An exhibition of painting, sculpture, video and installation, the curatorial premise “fantasizes the cultural aftermath of the colonization of Mars,” where current politics and geographies are explored through non-linear narrative within both the physical and present-day realities of inhabiting Earth as well as the desire for a Martian landscape. The press included a text by Andy Heckboyd that reads:
We are all together, like one big head. Floating over the land like a balloon. Each line-in to the central heart. It’s located in the nose. The thing that was figured out on Earth was how to use the internet to connect everyone to everything. The data would be useful. A big head on Mars. Is full of many different people, in individual unity.
Group exhibition, No Need to Hunt – We Just Wait for the Roadkill curated by Paul Barsch brought together the work of eight artists at Dresden’s S T O R E from September 26 to October 10, 2015. Inanimate sculptures and objects sit quietly in conversation with one another; their potential power as vehicles of speech feels fragile and self aware. The accompanying text, and this segment in particular, is integral to the reading of the exhibition:
/fresh meat with zero exhaustion/ is not exactly true, at least it shouldn’t be. Immaterial labour is real labour and going beyond just looking and repeating requires precision and focus. Laid back is fine, but remember, I scroll too and I can see if you’ve been lazy; in fact, I want to see you exhausted. But in the back of our minds, always: how fresh is this roadkill anyway?
The show’s installation photos capture Kai Hügel‘s ‘Iced Herbs’ as they begin to thaw. LED lights and various vietnamese herbs emerge from within the frozen casing. A light leak begins to permeate the floor, moistening Dorota Gaweda & Eglé Kulbokaité‘s deteriorating aubergine skins. Dotted at random around the room and dissected in half, the vegetables lay splayed out over a hashtag text piece stuck to the floor that reads “CaptiveCEOsToBeReturnedToTheWild”. Michele Gabriele‘s ‘SHITTY-SLIPPY-SLUTTY (A beautiful and dangerous night)’, sits firmly in relation to the rest of the light and somewhat ephemeral works. The crystallised body sits somewhere between a rock formation you might see in a cave and an oversized piece of quartz used for spiritual healing. The pigment mixes with the surrounding moisture, dying the floor blue and purple. Protruding from the side, a PREDATOR knife sticks out from the sculpture’s gut.
Similar in size and shape, Burkhard Beschow‘s ‘Holes’ feels skeletal in relation. Wire, metal parts and cloth are tangled in a violent mess. The letter ‘E’, among other unidentifiable pieces of debris, is suspended in some sort of barbed wire trapping. Jake Kent‘s ‘Dropping the A Bomb’ and ‘Hanging out in someone else’s puddle’ pile political slogans in a heap on the floor. Silk screen patches yelling “DESTROY EVERYTHING” and “KILL YOUR INNER COP” are sewn into the digital prints and silk viscose velvet. The handmade tassels have a tender quality, bringing to mind the lengthy and invested form of obscure labour within activism. Alexander Endrullat‘s ‘Unibody’ places a MacBook on a step and in safe distance from the damp floor. Plugged in and fully charged, it has been permanently welded shut and rendered a completely useless object.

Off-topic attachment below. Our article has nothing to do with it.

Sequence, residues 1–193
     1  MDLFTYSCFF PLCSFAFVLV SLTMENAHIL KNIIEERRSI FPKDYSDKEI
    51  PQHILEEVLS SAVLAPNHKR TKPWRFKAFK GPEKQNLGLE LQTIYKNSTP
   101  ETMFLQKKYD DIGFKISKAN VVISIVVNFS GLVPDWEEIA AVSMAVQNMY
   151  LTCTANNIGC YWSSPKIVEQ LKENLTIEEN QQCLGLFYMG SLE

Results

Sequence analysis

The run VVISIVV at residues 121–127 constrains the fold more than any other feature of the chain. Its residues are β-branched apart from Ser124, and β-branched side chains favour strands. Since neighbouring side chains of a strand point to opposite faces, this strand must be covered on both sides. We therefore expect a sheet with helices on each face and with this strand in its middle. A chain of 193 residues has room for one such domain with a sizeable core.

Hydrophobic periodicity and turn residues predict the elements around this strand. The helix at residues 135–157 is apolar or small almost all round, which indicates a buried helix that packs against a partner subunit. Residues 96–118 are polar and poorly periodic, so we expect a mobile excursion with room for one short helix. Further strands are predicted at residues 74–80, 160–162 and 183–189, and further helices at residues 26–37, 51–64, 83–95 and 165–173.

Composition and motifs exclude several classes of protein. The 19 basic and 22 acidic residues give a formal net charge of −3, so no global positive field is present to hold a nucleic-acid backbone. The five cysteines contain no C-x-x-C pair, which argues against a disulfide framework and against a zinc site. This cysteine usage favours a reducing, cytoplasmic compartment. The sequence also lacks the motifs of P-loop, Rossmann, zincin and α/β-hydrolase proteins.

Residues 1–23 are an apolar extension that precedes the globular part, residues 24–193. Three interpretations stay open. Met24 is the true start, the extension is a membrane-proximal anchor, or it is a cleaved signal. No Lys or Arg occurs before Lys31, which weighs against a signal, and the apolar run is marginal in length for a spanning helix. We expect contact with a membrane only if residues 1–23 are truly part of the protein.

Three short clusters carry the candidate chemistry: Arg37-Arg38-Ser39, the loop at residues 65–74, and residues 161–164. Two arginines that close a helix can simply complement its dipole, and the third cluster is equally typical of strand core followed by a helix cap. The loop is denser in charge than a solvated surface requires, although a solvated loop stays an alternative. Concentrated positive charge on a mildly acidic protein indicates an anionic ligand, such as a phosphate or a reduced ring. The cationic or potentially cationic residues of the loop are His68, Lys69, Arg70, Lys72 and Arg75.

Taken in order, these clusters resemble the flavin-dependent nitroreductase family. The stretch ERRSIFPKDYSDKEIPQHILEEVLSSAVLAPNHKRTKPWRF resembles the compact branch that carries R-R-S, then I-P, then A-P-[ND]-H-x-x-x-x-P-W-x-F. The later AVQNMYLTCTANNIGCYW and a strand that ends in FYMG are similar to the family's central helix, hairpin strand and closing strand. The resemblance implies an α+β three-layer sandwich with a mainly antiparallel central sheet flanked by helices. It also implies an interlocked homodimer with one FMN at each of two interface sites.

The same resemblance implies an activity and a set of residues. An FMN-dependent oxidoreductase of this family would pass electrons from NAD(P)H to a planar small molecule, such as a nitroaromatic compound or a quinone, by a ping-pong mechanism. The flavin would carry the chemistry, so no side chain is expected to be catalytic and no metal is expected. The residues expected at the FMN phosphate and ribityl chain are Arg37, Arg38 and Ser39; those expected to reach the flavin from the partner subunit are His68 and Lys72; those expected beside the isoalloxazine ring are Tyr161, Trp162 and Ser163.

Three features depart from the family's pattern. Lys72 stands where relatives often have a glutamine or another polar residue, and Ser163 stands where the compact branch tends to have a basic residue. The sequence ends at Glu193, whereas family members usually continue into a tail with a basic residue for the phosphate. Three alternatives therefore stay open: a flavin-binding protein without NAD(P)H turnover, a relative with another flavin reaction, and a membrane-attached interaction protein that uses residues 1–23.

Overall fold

On the other side of the room, a printed text winds around a roll of toilet paper by Camilla Steinum. With some difficulty, bits and pieces can be read: “Dirt comes out via the mouth…again and again unprocessed and embarrassing…trying to find meaning…the words, worlds.” The print feels strongly connected to the accompanying text, stringing the exhibition together by a thread of poetic-manifesto styled musings.**
For the duration of the Margit Säde-curated exhibition, Konstanet will be moving into the space and operating out of its exhibition space while remaining open to the public, thereby making what normally remains behind the scenes visible to the general public. The artists involved include Rafaël Rozendaal, Alex Cecchetti, Esther Mathis and Hanne Lippard among others.
Over the seven-week programme, Konstanet will host three different events: an introductory talk on November 27, the opening of Michele Gabriele‘s new exhibition followed by an artist talk on December 12, and the opening of Maximilian Schmoetzer‘s new show, also followed by an artist talk, taking place on January 8.